‘Stop. Reset.’ Removes the Boundaries of Theater

Student collaborations seen as essential to the play

(Image: Dan Hallman)

Playwright, director, and Golden Globe winning actress Regina Taylor, celebrating her 20th year as artistic associate at the Goodman Theater in Chicago, has developed a unique play experience in which she has sought out collaboration in her creative process with student artists, professional artists, and others. Taylor has boldly and imaginatively collapsed and reinterpreted the boundaries of theater, making use of technology, a central theme of the play, to extend and expand the experience of the play itself, inviting audience engagement before, during, and after the actual viewing.

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stop. reset. tells the story of an African American book publisher in Chicago whose business is threatened by the growing popularity of e-books. But the story is a vehicle Taylor uses to explore how people deal with change in a time of social, economic, and technological disruption. “It is really about change on all levels,” says Taylor.“When he’s faced with change, it’s a questioning of the ground on which he stands. As a businessman, as an African American, as a man, as a father, as a husband. Who is he? Who is he becoming as he makes these essential decisions about how he’s going to survive and pass on that legacy?”

Taylor has worked previously with mixed media in her productions. “I’ve used video, soundscapes, sounds heard from off-stage,” and collaborated with students. In workshops with Taylor, students created “pieces” that they then shared with the theater-going public in the lobby of the theater. Later their works were incorporated into the play and the students were able to see their work on the stage.

“I love doing that,” Taylor says. “I love giving people a platform to have their voices heard, to pass that on to the next generation that may not have the opportunity.” With stop. reset. Taylor wanted to take the collaborations further and “take down the walls and have more personal conversations with these audiences that have supported me along the way.” She also wanted to integrate technology into the play since it is one of stop. reset.’s themes. “This is an extension and culmination of what I’ve done in the past, taking it further because of the subject of the play. The challenge is to engage traditional audiences and new audiences who are very fluent in tech.”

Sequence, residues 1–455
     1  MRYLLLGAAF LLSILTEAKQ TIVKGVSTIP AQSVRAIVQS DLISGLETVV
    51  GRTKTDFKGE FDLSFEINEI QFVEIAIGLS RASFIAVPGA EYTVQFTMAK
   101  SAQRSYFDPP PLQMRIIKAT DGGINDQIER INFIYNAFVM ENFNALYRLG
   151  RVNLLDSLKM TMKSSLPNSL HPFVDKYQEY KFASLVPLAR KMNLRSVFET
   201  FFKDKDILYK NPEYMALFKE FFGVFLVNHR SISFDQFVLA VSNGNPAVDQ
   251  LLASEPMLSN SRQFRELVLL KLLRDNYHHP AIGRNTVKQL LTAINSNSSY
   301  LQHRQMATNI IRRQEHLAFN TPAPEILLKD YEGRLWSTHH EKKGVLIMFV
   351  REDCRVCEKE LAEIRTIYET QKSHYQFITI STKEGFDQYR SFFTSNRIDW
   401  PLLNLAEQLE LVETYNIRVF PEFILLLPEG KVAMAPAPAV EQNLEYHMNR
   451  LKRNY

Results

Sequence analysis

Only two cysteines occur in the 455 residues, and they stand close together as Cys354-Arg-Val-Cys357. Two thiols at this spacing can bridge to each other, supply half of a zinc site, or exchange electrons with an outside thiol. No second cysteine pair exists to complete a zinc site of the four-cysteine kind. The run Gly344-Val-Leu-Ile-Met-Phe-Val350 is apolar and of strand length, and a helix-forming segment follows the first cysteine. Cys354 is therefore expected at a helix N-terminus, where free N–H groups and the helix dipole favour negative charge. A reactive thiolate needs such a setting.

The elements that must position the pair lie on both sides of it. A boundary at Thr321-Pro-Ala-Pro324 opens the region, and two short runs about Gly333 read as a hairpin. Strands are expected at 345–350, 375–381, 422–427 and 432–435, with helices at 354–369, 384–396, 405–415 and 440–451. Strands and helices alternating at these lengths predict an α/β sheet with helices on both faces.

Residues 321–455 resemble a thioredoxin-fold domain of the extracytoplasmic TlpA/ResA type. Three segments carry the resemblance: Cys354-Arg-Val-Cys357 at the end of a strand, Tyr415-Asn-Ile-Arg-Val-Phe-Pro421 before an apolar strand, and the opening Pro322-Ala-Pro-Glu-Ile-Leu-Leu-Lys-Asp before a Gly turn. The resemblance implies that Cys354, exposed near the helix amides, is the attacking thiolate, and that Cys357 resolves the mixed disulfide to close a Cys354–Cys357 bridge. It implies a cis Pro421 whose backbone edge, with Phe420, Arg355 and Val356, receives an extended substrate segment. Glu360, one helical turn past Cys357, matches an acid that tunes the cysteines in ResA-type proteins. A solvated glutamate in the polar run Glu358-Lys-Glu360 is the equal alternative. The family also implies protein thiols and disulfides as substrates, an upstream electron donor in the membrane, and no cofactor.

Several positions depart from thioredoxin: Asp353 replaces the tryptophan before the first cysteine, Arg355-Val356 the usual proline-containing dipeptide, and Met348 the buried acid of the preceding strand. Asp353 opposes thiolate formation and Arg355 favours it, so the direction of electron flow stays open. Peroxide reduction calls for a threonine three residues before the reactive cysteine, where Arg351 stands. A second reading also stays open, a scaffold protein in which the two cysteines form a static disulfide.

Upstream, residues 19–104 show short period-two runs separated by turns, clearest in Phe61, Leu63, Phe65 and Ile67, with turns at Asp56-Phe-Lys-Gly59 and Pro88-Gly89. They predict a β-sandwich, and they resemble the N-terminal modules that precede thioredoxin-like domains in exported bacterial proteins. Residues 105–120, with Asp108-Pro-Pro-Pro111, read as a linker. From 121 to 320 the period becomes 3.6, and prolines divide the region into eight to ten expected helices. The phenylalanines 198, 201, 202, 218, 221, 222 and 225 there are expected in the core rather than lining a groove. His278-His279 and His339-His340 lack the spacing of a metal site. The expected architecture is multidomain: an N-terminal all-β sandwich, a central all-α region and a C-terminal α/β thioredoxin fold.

From the beginning, Taylor’s approach with stop. reset. was collaborative and inclusive. Over the course of a year, she held small dinner parties of about 16 people from diverse fields, ages, and races. The purpose was to talk about change and how different people, including students, were dealing with change. These conversations, carried on among people who ordinarily wouldn’t converse with one another, informed Taylor’s writing. stop. reset. also has a website through which the audience can begin to engage with it. “We give the audience a choice where they want to enter: before the play, while they’re at the play, or afterwards.”

The student interpretations are an important, even essential part of the play, Taylor says. “They are an extension of the play itself. The play is a tone poem on change. It is a conversation about change and how we deal with it. We see that engagement in the students’ work with the themes of the play.”

To find students to collaborate with, Taylor contacted everyone she knew, from institutions to individuals. She has collaborated with students from the Art Institute of Chicago, the Illinois Institute of Art, DePaul University, and others, including the Urban League and after-school programs. She still has projects to upload. One student’s short film on the site explores the role of technology in relationships, and whether the digital detritus of a broken relationship makes it harder to move on.

For more information about stop. reset., which opened June 1 and is scheduled to close June 21, go to www.stopreset.org/.





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